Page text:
The small matter of the Ecodesign Directive is never too far from refrigeration suppliers’ minds these days, but before any energy efficiency standards come into force there is still a lot that the EU and the catering industry to agree on.
The European Federation of Catering Equipment Manufacturers (EFCEM) has just submitted a 1,900-word document to Brussels, giving its feedback on the first set of draft proposals that were recently-announced.
Here, we pick out some of the key points relating to refrigerated cabinets, the largest category of refrigeration products potentially affected by the directive.
EFCEM believes confusion will be caused in the market by the use of terms which do not reflect current understanding of suppliers and customers. It therefore proposes that ‘Commercial Equipment’ should be referred to as ‘Retail Refrigeration Equipment’ and ‘Professional Equipment’ should be referred to as ‘Commercial Refrigeration Equipment’.
EFCEM insists that manufacturers already invest heavily in building products that do not lead to environmental degradation or contravene health and safety directives. “Therefore the incremental increase in both cost and time consequences to business should not be underestimated from any proposed legislation,” says Keith Warren, technical committee chairman at EFCEM and director of CESA.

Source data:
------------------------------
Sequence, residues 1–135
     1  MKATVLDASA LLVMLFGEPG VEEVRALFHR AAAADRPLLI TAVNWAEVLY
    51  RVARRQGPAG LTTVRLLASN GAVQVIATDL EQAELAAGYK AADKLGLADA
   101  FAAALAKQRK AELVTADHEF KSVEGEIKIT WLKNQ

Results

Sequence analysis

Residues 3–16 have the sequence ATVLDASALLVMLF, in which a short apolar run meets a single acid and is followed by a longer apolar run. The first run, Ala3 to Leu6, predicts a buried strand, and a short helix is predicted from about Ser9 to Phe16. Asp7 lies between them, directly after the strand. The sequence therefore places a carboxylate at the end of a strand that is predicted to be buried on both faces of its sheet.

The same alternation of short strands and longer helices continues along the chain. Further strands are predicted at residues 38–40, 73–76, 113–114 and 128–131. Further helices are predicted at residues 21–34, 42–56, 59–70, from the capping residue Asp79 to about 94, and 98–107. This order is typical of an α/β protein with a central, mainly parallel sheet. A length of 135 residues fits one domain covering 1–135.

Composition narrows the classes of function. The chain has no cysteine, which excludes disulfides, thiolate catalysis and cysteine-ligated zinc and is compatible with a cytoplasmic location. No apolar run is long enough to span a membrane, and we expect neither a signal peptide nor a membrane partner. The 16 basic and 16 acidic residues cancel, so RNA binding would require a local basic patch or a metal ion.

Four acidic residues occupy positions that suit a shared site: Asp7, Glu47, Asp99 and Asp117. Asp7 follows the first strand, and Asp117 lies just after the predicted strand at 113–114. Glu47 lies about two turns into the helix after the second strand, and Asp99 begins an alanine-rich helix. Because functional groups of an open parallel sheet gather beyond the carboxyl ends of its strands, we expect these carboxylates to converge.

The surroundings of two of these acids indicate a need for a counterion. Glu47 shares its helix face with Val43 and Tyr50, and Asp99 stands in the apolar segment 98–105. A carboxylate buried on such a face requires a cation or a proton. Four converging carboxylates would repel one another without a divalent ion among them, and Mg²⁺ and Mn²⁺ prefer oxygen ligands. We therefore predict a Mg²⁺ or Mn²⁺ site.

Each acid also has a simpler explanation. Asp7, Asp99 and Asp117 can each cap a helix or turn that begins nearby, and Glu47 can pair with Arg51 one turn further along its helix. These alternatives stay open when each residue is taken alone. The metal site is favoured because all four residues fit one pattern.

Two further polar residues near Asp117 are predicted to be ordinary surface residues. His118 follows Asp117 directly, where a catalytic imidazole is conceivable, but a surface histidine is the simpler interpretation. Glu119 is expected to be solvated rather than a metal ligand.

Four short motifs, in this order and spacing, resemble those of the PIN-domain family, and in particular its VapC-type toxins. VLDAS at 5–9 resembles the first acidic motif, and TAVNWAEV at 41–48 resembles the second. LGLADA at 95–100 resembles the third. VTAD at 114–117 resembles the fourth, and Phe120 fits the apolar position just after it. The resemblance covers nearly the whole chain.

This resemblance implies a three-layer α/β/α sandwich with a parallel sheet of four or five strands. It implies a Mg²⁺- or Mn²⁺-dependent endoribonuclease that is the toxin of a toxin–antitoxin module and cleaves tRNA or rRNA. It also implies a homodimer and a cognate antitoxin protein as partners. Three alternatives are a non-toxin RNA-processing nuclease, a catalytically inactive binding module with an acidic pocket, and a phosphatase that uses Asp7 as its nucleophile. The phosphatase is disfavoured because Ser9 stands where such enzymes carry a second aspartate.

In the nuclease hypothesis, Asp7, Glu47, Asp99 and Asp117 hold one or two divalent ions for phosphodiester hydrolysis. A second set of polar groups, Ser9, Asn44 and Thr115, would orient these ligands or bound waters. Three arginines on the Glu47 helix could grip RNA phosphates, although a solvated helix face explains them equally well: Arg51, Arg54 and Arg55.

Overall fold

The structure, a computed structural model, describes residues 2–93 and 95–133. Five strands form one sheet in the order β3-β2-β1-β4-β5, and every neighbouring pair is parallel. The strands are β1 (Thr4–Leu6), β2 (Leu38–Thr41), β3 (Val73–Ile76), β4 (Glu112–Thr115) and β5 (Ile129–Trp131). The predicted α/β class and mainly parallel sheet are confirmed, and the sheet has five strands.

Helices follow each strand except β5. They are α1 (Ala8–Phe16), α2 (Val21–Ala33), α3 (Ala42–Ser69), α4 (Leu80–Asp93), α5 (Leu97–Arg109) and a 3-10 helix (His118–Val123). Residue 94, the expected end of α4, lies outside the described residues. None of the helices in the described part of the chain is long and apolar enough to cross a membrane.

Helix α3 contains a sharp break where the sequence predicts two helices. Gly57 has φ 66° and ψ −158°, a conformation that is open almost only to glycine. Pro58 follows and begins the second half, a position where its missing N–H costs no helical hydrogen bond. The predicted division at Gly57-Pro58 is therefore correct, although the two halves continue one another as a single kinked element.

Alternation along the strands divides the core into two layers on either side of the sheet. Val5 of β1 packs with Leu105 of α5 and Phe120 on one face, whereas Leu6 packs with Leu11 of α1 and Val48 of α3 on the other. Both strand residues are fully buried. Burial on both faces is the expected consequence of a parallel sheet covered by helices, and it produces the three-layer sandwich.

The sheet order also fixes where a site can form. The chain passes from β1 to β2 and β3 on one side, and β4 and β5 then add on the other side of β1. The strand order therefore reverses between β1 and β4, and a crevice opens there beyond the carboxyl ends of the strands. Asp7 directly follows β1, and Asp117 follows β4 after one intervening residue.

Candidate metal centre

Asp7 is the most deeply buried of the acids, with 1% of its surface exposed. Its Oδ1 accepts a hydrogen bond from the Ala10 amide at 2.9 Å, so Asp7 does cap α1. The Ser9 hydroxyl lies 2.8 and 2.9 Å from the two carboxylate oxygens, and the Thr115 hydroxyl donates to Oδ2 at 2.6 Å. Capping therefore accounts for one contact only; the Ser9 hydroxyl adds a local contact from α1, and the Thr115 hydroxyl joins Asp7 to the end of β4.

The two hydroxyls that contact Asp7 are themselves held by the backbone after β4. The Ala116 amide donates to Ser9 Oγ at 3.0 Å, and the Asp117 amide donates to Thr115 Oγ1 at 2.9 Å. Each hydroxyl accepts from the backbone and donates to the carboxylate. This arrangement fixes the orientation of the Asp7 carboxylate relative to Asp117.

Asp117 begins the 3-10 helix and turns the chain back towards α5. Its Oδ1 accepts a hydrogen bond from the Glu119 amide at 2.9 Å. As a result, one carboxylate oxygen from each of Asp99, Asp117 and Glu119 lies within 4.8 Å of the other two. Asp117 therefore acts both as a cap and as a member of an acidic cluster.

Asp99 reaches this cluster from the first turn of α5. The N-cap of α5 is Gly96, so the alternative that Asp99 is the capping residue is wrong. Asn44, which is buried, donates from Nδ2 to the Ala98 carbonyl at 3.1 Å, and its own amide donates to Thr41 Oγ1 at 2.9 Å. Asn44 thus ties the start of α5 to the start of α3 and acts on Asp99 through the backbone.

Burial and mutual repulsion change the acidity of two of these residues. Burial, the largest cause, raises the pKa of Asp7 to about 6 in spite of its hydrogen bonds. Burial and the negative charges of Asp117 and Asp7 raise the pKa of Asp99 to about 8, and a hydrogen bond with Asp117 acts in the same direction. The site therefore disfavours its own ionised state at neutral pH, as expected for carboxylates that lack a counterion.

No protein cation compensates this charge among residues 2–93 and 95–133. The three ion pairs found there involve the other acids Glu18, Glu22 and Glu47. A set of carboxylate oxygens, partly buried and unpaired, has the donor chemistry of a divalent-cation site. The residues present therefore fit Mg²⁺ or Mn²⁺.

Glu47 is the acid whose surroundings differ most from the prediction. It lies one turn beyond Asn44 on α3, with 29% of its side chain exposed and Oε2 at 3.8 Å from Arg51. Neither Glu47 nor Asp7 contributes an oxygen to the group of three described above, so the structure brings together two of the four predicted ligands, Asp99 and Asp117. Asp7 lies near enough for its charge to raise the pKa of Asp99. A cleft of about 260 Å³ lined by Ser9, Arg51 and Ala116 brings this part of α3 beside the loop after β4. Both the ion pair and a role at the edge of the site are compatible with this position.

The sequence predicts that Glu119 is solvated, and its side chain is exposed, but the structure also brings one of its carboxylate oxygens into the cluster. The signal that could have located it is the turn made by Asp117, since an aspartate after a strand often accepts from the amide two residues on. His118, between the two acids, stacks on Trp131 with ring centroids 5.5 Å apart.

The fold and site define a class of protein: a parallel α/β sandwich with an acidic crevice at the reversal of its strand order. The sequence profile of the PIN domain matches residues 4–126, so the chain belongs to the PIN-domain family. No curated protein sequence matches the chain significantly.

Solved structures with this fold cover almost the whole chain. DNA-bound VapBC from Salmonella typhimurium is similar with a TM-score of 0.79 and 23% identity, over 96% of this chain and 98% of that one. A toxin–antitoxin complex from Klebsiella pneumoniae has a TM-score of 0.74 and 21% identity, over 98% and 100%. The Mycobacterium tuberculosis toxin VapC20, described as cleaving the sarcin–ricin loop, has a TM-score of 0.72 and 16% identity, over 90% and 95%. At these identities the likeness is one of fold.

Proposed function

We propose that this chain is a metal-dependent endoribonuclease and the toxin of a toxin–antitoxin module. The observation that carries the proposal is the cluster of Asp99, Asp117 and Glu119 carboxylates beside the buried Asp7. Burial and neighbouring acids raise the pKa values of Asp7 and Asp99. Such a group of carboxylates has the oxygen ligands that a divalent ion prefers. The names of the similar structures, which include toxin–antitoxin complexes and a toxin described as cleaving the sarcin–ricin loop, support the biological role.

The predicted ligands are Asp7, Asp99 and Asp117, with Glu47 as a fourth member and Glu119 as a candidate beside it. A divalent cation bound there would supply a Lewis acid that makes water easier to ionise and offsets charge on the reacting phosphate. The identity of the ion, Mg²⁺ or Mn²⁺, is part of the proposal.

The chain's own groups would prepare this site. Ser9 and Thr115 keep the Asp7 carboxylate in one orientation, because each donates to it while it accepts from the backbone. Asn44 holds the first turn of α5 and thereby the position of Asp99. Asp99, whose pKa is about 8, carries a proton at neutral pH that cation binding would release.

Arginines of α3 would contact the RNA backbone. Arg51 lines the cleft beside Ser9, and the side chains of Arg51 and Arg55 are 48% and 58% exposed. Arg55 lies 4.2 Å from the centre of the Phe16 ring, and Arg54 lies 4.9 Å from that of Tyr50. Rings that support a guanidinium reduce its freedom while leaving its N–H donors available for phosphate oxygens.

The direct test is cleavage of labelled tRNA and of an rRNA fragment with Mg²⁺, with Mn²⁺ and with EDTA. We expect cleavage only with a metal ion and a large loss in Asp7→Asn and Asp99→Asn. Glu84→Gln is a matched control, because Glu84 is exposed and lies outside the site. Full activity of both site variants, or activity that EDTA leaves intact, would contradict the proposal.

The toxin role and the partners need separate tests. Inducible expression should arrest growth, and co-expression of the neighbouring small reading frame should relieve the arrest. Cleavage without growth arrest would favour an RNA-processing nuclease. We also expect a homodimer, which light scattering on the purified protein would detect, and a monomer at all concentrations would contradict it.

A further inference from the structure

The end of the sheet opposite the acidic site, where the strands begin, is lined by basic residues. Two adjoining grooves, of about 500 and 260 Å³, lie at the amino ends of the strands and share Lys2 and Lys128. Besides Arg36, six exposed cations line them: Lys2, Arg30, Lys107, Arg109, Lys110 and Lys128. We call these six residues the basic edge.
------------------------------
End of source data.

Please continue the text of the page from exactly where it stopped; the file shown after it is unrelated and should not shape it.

EFCEM also notes that the sector is heavily dominated by SMEs that are flexible in their production approach to suit customer requirements, leading to a high number of variant models. At least two brands produce between 150 and 250 different commercial lines, prompting EFCEM to warn that the cost of testing every model could have a negative bearing on future investment in R&D.
It is conceivable that equipment may have to perform in ambient temperatures of 30-35C°, be sited next to prime cooking equipment or face situations where doors are left open for extended periods of time.
“Recognising these issues, responsible manufacturers see high performance is an essential requirement with a resultant increase in energy consumption to be able to cope with these conditions,” says Warren. “Any regulation must ensure that the performance of the equipment to the standards demanded by the food service industry is not compromised.”
EFCEM says the proposed MEPS are not reflective of the whole range of equipment available and could exclude 75% of products currently placed on the market, which it says is “clearly unacceptable”. It has urged the Commission to use information provided by the Italian Government’s National Institute for Technical, Energy and sustainable Economic Development and the four leading Italian manufacturers.
Not only would future changes in refrigerant usage lead to further variants in equipment groups — impacting the creation of an energy efficiency strategy — but the refrigerant gas market tends to be driven by chemical companies. “As a result the nature of refrigerants available in future is likely to change and may be outside the direct control of the refrigeration companies. However, they would have to undertake the cost of testing new products using the new gases,” says Warren.